• Varying views on the degree of difficulty of long term incentive plan hurdles for example:
    • Does full vesting occur after three, four or five years?
    • For EPS performance standards, does 50% vest at 5% compound and 100% at 10% compound or does 20% vest at 10% compound and 100% at 15% compound?
    • For relative TSR performance standards, does 50% vest for relative performance above the 50th percentile of the comparator group or does vesting commence at the 50th percentile? Does 100% vest for relative performance above the 75th percentile or 100% vests for performance above the 90th percentile?
  • Erroneous assumptions that executives receiving fixed remuneration at the median are also receiving annual incentives and long term incentives at the median – they may be receiving incentives at well above or well below the median. (Most survey tables represent a discrete sample. For annual incentives and long term incentives, samples normally represent a distribution where less than 100% of the executives have received an award in the current year. Hence, the distribution of information on both the annual incentive and the long term incentive often represents an analysis of award values for recipients and excludes zero values.)

Conclusion

Since the publication of remuneration information in Annual Reports, the amount of information available for benchmarking purposes has increased significantly, as has its complexity.

We have observed that some organisations claiming to have a fixed remuneration policy at the median have over time elevated their fixed remuneration well above the median, either due to incremental increases with increased executive tenure and improved performance or the expansion or contraction of the company in regard to a particular metric. When on plan annual and long term incentives are taken into account, total reward levels are actually in the top quartile.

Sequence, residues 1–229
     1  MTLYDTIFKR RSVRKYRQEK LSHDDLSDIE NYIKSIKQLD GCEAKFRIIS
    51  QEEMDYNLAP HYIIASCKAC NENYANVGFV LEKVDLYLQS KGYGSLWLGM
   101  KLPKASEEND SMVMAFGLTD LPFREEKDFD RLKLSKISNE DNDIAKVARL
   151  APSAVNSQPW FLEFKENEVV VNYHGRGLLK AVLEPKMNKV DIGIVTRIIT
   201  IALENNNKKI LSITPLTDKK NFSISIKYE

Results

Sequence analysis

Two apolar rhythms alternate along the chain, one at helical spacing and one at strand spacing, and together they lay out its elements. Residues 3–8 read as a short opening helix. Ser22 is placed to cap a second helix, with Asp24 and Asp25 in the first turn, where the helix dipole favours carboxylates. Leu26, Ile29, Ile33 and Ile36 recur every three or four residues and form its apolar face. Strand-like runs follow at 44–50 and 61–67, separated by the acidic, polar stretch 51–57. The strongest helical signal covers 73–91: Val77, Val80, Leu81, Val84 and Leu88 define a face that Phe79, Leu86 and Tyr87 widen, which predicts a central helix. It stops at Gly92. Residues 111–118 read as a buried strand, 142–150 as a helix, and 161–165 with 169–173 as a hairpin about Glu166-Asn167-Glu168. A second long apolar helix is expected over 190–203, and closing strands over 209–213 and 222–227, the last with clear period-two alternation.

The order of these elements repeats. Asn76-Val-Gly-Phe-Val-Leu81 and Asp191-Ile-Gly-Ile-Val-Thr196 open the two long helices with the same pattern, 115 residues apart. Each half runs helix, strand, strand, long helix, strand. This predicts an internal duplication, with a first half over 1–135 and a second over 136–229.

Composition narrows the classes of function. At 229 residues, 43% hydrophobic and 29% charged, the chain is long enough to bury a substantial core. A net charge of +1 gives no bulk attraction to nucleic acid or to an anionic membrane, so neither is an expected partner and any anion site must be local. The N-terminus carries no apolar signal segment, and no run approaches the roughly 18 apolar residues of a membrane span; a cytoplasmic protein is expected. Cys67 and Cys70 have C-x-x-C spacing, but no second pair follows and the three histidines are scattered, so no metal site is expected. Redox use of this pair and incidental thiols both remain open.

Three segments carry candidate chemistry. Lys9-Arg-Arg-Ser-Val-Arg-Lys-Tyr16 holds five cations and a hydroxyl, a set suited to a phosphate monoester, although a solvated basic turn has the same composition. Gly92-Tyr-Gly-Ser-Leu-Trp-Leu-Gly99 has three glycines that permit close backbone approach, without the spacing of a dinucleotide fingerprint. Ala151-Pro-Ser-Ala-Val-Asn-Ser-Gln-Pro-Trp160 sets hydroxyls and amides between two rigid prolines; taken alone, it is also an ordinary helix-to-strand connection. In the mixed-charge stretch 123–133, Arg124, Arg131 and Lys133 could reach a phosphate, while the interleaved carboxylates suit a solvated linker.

Remuneration Committees should ensure that they do not make claims which cannot be substantiated due to flawed or oversimplified benchmark practices.

In interpreting reward data, either developed internally or provided externally, Boards need to be assured that the criteria used in sampling is the most relevant for the company. It is appropriate for an Asset Manager to place less reliance on organisations with comparable revenues, though in another setting annual revenues may be far more relevant than assets managed. In this context, we are observing major retailers would use gross profit margin as a surrogate for revenue not total revenues when exploring comparators outside the retail environment.

If a broad-based index (eg S&P/ASX 100) minus selected exclusions is used as a comparator group, it is important that organisations are transparent about which companies have been excluded and why. Consistency year-to-year on the method of choosing the customised comparator group is also important. Boards must also be cognizant of the fact that the smaller the comparator group, every company that is included or excluded will potentially make a large difference to the resulting analysis.

It is necessary for Boards to carefully examine total reward, not elements of reward in isolation of the other core components, and in this context the three critical ingredients would be:

  • fixed remuneration;
  • annual incentive award outcomes and/or annual incentive award opportunity; and
  • long term incentive award value using a common methodology.

Information providers to management and advisers to Boards need to ensure their sample is thoroughly considered, that the distribution of accountabilities among the key management personnel population is understood and that their interpretation of relevant market information is overlaid with organisation, industry and geographic specific insights.